If or when we feel this way what we need to remember is that there is another perspective on that first Christmas and that is God’s.  Mary for example had faith and was willing to be a participant in the great drama of salvation.  Joseph too came to have faith and was willing to do his part and raise God’s son as if he were his own.  From God’s perspective it was perfect too that the Roman Emperor issued his decree that all the world should be enrolled for tax purposes, thus ensuring that the Messiah would be born in Bethlehem just as it was predicted that he would be.  Why even the circumstances of the birth were perfect.  A stable may not have been ideal from Mary and Joseph’s perspective but it certainly was from God’s because of the symbolism.  Jesus, God in the flesh, joined his people at the very bottom of the social ladder; why there wasn’t even a crib to lay the baby in, just a feeding trough.  And who were the first to be told and to respond to the birth?  It wasn’t the rich or the powerful; rather it was the shepherds who, because of their occupation, couldn’t keep all of the religious rituals and traditions and so were regarded as sinners by most people.  Truly from a human perspective the circumstances of that first Christmas were anything but perfect or ideal but from God’s perspective?  It must have exceeded all expectations.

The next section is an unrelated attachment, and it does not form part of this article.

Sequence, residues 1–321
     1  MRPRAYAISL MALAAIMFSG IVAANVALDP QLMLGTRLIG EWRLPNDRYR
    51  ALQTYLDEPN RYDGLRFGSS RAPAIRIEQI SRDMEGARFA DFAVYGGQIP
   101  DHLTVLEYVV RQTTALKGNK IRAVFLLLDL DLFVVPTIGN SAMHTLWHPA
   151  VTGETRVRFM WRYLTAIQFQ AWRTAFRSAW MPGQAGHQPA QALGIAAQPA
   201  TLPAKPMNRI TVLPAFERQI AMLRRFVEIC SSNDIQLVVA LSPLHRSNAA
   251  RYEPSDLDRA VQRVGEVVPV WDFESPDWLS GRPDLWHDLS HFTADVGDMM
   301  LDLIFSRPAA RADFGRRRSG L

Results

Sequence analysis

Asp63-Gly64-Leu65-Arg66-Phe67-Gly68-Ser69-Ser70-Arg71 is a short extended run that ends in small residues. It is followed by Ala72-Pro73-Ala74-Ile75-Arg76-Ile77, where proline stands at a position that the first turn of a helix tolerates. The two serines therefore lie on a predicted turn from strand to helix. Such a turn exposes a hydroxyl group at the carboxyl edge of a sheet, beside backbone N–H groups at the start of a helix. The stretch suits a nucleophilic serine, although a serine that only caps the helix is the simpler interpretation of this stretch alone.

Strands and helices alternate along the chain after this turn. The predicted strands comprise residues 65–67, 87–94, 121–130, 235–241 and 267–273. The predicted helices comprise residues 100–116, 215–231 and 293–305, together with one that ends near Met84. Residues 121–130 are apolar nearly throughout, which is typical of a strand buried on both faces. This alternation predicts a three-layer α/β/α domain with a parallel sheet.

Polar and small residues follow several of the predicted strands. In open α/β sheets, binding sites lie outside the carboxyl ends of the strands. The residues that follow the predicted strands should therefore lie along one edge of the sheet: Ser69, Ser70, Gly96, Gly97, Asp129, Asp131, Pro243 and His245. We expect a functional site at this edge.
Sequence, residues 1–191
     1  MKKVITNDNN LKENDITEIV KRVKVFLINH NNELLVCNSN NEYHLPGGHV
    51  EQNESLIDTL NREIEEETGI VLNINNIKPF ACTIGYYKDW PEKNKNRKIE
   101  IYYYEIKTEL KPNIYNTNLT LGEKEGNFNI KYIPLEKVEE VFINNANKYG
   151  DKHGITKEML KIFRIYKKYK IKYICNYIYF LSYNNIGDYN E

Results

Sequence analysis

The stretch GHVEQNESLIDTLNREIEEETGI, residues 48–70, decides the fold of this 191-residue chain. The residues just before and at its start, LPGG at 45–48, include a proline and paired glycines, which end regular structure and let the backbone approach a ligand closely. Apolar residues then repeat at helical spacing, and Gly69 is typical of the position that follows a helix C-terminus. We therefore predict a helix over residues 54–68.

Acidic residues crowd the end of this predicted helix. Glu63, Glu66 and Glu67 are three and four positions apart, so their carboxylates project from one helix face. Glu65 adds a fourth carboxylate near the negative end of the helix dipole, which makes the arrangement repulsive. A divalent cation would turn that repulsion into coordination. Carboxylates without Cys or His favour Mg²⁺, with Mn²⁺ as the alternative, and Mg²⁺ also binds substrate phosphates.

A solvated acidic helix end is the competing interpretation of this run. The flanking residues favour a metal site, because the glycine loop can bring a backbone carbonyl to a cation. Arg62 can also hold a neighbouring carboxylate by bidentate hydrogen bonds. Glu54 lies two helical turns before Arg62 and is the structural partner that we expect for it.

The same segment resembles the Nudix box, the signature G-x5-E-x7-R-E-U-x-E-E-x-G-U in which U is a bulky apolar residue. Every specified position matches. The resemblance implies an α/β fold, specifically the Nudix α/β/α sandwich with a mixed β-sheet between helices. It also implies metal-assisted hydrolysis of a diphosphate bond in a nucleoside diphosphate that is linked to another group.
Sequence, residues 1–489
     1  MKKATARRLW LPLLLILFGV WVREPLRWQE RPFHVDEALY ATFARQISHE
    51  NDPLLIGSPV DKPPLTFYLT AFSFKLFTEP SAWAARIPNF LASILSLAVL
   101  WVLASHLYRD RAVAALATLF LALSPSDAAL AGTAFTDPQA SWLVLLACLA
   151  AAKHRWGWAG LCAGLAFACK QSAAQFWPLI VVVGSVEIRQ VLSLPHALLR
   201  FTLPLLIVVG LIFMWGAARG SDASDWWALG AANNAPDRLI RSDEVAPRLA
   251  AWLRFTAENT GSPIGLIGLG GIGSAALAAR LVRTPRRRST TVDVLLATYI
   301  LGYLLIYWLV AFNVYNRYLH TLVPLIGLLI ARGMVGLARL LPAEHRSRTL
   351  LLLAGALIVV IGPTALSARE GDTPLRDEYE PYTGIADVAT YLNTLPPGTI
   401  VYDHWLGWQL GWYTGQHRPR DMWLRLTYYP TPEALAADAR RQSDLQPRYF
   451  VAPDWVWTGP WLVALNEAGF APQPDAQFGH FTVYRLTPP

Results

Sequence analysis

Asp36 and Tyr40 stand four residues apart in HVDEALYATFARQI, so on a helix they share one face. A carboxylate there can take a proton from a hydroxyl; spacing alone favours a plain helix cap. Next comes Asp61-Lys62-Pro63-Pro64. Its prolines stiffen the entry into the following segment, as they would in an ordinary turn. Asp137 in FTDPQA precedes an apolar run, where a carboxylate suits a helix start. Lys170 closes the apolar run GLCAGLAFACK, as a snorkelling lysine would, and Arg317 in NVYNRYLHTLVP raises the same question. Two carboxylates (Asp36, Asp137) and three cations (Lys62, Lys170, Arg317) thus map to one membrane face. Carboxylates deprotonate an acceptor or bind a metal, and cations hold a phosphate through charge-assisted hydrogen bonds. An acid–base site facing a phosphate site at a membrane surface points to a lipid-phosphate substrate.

This is something that we ought to remember as we celebrate our own less than perfect Christmas this year.  What we have to remember is what this special time of year is really all about. That of course is love; our love for one another to be sure but even more so, God’s love for each and every one of us.  That is why the Word became Flesh and dwelt among us, full of grace and truth; Emmanuel, God is with us. Perhaps this message posted on the Church of Scotland’s website says it best as we celebrate Christmas 2020:

Even if we can’t gather in person,

Emmanuel.  God with us.

Even if some Christmas traditions have had to go,

Emmanuel.  God with us.

Even if we might not get to hug family and friends,

Emmanuel.  God with us.

Even if we can’t sing carols beside each other,

Emmanuel.  God with us.

Even if Christmas Cheer is hard this year,

Emmanuel.  God with us.

That is the message and promise of not only this Christmas but every Christmas.  Emmanuel.  God is with us.